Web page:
Mara Carlyle & Max de Wardener


Mara Carlyle’s interest in the kidneys was partly informed by her time spent as a nursing assistant, when this organ pair became a fascination. Her inspiration increased through conversations with her friend and collaborator Max De Wardener, whose father Professor Hugh De Wardener pioneered kidney dialysis in the UK and was a renowned expert in the treatment of kidney disease.

With leading nephrologist Chris Laing, Mara and Max explored the collection of human kidneys, kept for science at the Gordon Museum, before a series of interviews in the Nephrology department at the Royal Free Hospital. They talked to patients undergoing dialysis, scientists and the operating theatre team for their research.


“We decided to choose the kidney as ‘our’ organ in tribute to Max’s father who died recently, and who was a pioneering kidney specialist. It seemed like a wonderful opportunity to explore his world both scientifically and creatively. We were able to get an initial overview of the kidney from several fascinating (and mind-boggling!) meetings with Hugh Montgomery and Chris Laing.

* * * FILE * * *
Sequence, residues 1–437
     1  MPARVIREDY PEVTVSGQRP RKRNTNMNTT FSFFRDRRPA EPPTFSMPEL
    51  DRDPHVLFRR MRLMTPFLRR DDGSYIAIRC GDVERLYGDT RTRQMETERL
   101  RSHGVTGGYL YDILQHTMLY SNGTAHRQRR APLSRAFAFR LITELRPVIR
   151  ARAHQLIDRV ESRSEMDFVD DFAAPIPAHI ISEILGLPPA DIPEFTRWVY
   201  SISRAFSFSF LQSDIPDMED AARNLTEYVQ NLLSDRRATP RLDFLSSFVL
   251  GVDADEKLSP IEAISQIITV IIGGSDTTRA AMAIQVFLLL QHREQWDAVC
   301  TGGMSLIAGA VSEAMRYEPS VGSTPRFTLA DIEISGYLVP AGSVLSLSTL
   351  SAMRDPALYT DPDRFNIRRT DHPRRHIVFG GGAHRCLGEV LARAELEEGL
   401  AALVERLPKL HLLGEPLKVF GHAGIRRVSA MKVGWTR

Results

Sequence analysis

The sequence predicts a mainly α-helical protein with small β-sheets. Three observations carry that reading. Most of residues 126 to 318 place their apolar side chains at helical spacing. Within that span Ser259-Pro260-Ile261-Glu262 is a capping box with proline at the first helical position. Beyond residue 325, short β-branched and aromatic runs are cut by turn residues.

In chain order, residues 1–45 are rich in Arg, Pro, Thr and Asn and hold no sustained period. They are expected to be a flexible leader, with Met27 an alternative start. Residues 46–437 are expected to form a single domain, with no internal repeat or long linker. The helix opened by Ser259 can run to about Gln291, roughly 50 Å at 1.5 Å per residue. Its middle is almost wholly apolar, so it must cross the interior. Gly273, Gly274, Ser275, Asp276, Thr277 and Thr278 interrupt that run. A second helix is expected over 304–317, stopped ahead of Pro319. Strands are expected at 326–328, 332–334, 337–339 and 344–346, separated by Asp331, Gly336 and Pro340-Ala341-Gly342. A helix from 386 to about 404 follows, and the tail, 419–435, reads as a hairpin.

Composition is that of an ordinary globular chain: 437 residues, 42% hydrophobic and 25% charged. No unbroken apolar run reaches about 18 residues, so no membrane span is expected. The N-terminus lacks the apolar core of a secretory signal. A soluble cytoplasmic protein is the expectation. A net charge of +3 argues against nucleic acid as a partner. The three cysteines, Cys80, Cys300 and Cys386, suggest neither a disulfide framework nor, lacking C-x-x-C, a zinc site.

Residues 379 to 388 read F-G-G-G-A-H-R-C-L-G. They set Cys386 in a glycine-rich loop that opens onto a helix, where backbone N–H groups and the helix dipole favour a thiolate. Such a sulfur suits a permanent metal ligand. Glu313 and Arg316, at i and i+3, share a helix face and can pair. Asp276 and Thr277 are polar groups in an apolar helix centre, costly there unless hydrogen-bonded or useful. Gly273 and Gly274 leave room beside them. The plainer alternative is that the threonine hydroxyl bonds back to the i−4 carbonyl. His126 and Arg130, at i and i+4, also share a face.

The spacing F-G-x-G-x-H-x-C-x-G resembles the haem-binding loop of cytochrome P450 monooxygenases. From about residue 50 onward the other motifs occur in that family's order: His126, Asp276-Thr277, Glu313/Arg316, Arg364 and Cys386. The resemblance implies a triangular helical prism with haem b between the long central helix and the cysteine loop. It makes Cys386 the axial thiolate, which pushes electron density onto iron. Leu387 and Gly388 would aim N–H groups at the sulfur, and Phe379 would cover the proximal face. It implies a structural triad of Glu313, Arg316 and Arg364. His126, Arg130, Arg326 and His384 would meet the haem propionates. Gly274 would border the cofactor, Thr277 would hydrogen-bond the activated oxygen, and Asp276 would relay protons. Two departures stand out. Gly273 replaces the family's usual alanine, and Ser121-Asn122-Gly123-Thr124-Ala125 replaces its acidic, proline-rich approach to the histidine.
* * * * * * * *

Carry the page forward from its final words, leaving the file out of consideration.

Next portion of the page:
Other parts of our process included gazing into jars of ancient pickled kidneys at the Gordon Museum of Pathology, talking with dialysis patients and meeting researchers who showed us mesmeric films of embryonic kidneys growing within the womb. For our piece we choose the kidney’s main function of filtration as the inspiration to create our song.

Using mainly vocoded voice and live drums (Tom Skinner) we filtered the frequencies of our sounds to give a sense of constant change throughout the piece. For the lyrics, or the ‘voice’ of the kidney, we created a character, something like a passport control or checkpoint officer, who greets the cells passing through and thanks them for their hard work.